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15 hours ago, Mars-Bound Hokie said:

However, what I DON'T know is how I'm going to time my launch right so that my orbital inclination matches Minmus' AND requires the least amount of fuel to reach it.

Just because your inclination is 6°, it doesn't necessarily match Minmus' inclination. It also needs to be coplanar with Minmus.

These days, perhaps the easiest and most obvious method of coming to grips with the concept is to use the "Set Orbit" cheat: put a vessel into a high inclination (something that's rather obvious, 30-40°), and then enter different values in the "LAN" field. LAN is "Longitude of Ascending Node" in degrees (0-360). See what happens when you try 40, or 90, or 130?

Now do that again, with your vessel set to a 6° inclined orbit, while Minmus is selected as a target, and click one of the ascending/descending nodes in order to see the relative inclination. Watch how that figure changes as you try different LANs.

The whole exercise takes about two minutes, and, (I hope), will make it abundantly clear what you need to do.

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On 10/16/2019 at 10:33 PM, Mars-Bound Hokie said:

When I use the MJ Maneuver Planner to fly to Minmus, I've noticed that the maneuver required varying amounts of delta-V. Sometimes it got a little past ~1300 m/s, others I've seen it go as low as ~900 m/s. My goal is to minimize the amount of fuel it takes to make the burn from LKO to Minmus so that I would have enough to safely land my SSTO.

 

Rng5IlI.png

  • Image of the Mk. III Duna SSTO.

 

I believe that, to decrease the amount of fuel I use for the Minmus burn, I need to not only launch at the right inclination, but the right time at well. Since Minmus has an orbital inclination of 6 degrees, I need to launch my plane at an 84-degree azimuth (that's also a 6-degree inclination). However, what I DON'T know is how I'm going to time my launch right so that my orbital inclination matches Minmus' AND requires the least amount of fuel to reach it.

Wow really nice Starship. Have you got too, or landed on Minmus yet? Love the air-brakes and use of solar panels!

BTW, just watched your video about KSP Career Mode Pt. 1! Being I just started career mode myself, so enjoying your example. Great tips as well! I will look at Pt 2 soon.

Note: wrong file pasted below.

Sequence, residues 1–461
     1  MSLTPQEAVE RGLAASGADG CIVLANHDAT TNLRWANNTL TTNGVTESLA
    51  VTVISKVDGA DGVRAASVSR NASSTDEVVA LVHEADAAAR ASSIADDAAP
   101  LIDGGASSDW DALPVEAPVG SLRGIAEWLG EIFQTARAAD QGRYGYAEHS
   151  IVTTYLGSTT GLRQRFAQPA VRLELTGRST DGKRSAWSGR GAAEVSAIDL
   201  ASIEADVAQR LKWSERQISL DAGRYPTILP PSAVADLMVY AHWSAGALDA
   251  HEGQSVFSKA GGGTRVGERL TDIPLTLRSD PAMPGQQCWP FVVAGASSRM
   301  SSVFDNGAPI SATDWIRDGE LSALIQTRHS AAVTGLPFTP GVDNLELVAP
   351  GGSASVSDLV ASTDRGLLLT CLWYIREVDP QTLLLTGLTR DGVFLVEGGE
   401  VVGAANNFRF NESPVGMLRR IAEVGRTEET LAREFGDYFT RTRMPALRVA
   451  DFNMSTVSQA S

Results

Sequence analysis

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5 hours ago, Saturn5tony said:

Have you got too, or landed on Minmus yet?

Yes; I asked this question so I know how to save fuel.

  • On one of my test runs, the tanks went dry before touchdown.

 

5 hours ago, Saturn5tony said:

just watched your video about KSP Career Mode Pt. 1!

When I saw your profile picture, I knew you were the one who commented. I haven't posted on my channel for months due to my life being busy (college, family, girlfriend), but I got some pretty nifty creations to share.

  • If I were you, I'd install the following mods:
    • MechJeb (whichever version works for you)
    • Kerbal Alarm Clock
  • I think you'll really love my fuel truck.

 

If you want more career mode advice, have any more questions, or just want to chat, feel free to DM me. I've already completed the tech tree, and have sent spacecraft EVERYWHERE. But don't take my word for it; read some of my Mission Reports from my current career save.

  • What started out as a simple exploration mission turned into two kerbalnauts being stranded on Eeloo. After they were rescued, there was a full colonization effort on that snowball.

 

  • My rover has discovered a Jool moon with breathable air (but really low temperatures) and liquid water, so I sent several kerbalnauts to check out Laythe.
    • Neptune III is still in progress, and I have no idea what to do for Neptune IV.

 

  • The name says it all.
  • Anyone who's not involved in any ongoing missions (surveys, exploration missions, tourist runs) is coming back home.

 

Glad you like the Mk. III, by the way. SSTOs are not as easy as @Matt Lowne makes them seem, but if you build them right it's worth the effort.